Keywords: Smart Specialization, relatedness, inter-regional linkages, regional diversification, complementary capabilities
    JEL: O25 O38 R11
    Date: 2020–04
  17. By: Johnston, Andrew C. (University of California, Merced)
    Abstract: Improving schools depends on attracting high-caliber teachers and increasing retention, both made possible by appealing to teacher preferences. I deploy a discrete-choice experiment in a setting where teachers have reason to reveal their preferences. There are three main findings: (1) I calculate willingness-to-pay for a series of workplace attributes including salary structure, retirement benefits, performance pay, class size, and time-to-tenure. (2) Highly rated teachers have stronger preferences for schools offering performance pay, which may be used to differentially attract and retain them. (3) Under various criteria, schools seem to underpay in salary and performance pay while overpaying in retirement benefits.
    Keywords: teachers, labor market, achievement, retention, selection
    JEL: I20 J32 J45 M50
    Date: 2020–04
  18. By: Francesco Agostinelli (University of Pennsylvania); Matthias Doepke (Northwestern University); Giuseppe Sorrenti (University of Amsterdam); Fabrizio Zilibotti (Yale University)
    Abstract: As children reach adolescence, peer interactions become increasingly central to their development, whereas the direct influence of parents wanes. Nevertheless, parents may continue to exert leverage by shaping their children’s peer groups. We study interactions of parenting style and peer effects in a model where children’s skill accumulation depends on both parental inputs and peers, and where parents can affect the peer group by restricting who their children can interact with. We estimate the model and show that it can capture empirical patterns regarding the interaction of peer characteristics, parental behavior, and skill accumulation among US high school students. We use the estimated model for policy simulations. We find that interventions (e.g., busing) that move children to a more favorable neighborhood have large effects but lose impact when they are scaled up because parents’ equilibrium responses push against successful integration with the new peer group.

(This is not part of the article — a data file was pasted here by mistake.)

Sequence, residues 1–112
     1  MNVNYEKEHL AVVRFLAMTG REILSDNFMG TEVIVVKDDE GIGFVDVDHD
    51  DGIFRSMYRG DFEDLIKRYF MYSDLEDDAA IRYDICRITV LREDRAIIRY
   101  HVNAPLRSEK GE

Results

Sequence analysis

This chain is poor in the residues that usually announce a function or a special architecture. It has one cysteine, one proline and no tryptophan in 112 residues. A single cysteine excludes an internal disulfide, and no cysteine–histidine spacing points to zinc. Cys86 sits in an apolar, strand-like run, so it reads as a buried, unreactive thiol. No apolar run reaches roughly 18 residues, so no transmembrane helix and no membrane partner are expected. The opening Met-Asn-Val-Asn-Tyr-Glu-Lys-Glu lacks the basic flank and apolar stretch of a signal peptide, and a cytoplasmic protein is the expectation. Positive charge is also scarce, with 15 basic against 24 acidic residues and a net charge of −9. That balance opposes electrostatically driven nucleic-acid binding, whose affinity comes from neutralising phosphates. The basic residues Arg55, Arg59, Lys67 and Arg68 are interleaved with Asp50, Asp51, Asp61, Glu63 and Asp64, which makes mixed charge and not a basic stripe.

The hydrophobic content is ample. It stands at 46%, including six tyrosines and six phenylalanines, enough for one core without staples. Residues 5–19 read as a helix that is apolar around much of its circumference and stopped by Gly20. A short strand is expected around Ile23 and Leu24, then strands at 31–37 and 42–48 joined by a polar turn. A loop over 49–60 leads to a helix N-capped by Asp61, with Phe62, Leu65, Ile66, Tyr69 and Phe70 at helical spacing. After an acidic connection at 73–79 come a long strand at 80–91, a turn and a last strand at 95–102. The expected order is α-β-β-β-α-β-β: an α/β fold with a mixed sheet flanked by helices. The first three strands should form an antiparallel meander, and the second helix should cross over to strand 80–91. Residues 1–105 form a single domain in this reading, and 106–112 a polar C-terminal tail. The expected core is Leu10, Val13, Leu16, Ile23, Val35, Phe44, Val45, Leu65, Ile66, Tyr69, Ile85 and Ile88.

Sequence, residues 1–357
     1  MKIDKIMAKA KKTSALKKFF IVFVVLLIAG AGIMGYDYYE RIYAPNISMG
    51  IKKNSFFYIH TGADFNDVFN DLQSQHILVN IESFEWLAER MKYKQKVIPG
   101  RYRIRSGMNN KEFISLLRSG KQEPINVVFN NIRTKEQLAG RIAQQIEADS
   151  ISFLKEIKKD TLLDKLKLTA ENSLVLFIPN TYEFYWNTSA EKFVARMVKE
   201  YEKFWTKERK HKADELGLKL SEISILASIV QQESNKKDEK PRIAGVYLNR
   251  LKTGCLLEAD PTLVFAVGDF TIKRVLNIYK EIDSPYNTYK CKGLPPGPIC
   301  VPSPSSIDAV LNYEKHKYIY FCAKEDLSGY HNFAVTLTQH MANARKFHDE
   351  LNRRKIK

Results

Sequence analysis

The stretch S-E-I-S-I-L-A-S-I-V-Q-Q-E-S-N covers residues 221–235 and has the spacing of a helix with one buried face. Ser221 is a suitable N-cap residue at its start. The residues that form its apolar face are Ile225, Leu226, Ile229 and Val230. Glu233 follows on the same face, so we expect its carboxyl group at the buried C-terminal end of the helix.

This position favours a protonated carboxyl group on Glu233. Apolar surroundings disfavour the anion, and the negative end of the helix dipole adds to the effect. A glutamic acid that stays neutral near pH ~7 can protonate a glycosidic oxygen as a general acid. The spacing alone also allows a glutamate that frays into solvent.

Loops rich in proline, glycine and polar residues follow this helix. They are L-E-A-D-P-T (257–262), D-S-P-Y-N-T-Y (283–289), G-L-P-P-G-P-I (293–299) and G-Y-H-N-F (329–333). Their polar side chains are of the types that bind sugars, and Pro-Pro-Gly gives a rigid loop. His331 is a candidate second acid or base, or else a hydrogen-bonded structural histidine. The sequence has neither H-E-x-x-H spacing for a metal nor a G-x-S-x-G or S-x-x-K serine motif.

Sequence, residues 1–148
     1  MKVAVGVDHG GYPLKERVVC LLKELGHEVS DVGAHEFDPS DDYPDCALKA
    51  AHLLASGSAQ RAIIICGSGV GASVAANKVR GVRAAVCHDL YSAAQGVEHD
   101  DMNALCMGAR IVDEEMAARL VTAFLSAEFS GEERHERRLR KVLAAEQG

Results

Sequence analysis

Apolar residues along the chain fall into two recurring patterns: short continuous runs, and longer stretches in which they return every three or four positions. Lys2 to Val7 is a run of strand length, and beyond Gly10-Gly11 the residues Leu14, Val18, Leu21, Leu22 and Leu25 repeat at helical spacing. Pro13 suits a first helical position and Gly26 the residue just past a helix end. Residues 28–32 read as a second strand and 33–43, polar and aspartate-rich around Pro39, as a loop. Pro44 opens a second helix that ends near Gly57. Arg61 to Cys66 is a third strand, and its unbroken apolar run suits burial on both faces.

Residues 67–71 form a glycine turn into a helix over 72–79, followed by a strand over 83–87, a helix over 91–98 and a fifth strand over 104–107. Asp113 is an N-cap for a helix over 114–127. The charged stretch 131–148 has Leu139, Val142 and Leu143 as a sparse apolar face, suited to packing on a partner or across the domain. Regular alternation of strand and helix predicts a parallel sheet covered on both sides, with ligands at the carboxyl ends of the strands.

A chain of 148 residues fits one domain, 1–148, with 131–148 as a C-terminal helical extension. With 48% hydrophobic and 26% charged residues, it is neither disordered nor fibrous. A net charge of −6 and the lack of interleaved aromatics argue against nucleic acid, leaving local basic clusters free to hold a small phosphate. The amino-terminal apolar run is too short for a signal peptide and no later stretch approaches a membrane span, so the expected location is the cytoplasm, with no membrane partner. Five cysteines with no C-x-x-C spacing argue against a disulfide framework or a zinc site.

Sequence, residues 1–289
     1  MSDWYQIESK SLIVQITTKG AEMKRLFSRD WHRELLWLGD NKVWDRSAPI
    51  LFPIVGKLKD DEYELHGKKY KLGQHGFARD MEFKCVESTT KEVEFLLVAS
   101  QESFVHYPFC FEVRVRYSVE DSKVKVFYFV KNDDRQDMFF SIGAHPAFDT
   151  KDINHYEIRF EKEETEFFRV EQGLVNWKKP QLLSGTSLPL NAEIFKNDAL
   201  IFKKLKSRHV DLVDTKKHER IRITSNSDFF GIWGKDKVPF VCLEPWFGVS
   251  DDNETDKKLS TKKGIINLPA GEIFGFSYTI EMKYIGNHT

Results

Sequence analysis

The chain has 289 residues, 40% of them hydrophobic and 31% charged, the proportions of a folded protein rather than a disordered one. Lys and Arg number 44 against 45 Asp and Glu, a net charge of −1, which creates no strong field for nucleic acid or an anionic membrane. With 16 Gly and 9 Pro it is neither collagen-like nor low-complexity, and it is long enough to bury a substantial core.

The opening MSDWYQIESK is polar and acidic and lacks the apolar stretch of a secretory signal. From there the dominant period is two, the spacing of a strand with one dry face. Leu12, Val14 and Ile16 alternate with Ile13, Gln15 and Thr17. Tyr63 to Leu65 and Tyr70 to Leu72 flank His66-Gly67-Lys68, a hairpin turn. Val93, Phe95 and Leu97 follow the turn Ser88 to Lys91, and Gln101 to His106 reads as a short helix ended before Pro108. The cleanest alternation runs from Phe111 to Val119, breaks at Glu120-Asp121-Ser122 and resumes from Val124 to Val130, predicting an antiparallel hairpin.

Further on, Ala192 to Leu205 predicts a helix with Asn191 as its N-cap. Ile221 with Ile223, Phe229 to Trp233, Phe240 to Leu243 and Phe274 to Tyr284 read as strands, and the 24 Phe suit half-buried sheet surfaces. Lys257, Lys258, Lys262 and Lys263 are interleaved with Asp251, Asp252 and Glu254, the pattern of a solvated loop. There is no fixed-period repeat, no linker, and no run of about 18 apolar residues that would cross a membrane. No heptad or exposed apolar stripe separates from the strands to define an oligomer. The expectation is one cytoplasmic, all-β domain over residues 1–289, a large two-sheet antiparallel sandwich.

Keywords: busing, neighborhood effects, peer effects, skill development
    JEL: J13 J24 I24 J62
    Date: 2020–04
  19. By: Rune Borgan Reiling (Nordic Institute for Studies in Innovation, Research and Education (NIFU)); Kari Vea Salvanes (Nordic Institute for Studies in Innovation, Research and Education (NIFU)); Astrid Marie Jorde Sandsør (Nordic Institute for Studies in Innovation, Research and Education (NIFU)); Bjarne Strøm (Department of Economics, Norwegian University of Science and Technology)